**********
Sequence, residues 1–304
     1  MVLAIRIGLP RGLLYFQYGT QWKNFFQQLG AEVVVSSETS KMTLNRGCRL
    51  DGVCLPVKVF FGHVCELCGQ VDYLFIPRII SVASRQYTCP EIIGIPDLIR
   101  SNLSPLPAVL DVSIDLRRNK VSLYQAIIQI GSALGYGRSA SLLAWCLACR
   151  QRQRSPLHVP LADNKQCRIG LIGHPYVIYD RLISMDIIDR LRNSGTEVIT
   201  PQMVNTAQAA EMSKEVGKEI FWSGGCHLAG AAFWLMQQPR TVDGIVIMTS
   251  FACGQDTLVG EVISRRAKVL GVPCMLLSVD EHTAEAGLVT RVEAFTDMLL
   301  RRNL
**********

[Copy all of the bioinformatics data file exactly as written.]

Sequence, residues 1–304
     1  MVLAIRIGLP RGLLYFQYGT QWKNFFQQLG AEVVVSSETS KMTLNRGCRL
    51  DGVCLPVKVF FGHVCELCGQ VDYLFIPRII SVASRQYTCP EIIGIPDLIR
   101  SNLSPLPAVL DVSIDLRRNK VSLYQAIIQI GSALGYGRSA SLLAWCLACR
   151  QRQRSPLHVP LADNKQCRIG LIGHPYVIYD RLISMDIIDR LRNSGTEVIT
   201  PQMVNTAQAA EMSKEVGKEI FWSGGCHLAG AAFWLMQQPR TVDGIVIMTS
   251  FACGQDTLVG EVISRRAKVL GVPCMLLSVD EHTAEAGLVT RVEAFTDMLL
   301  RRNL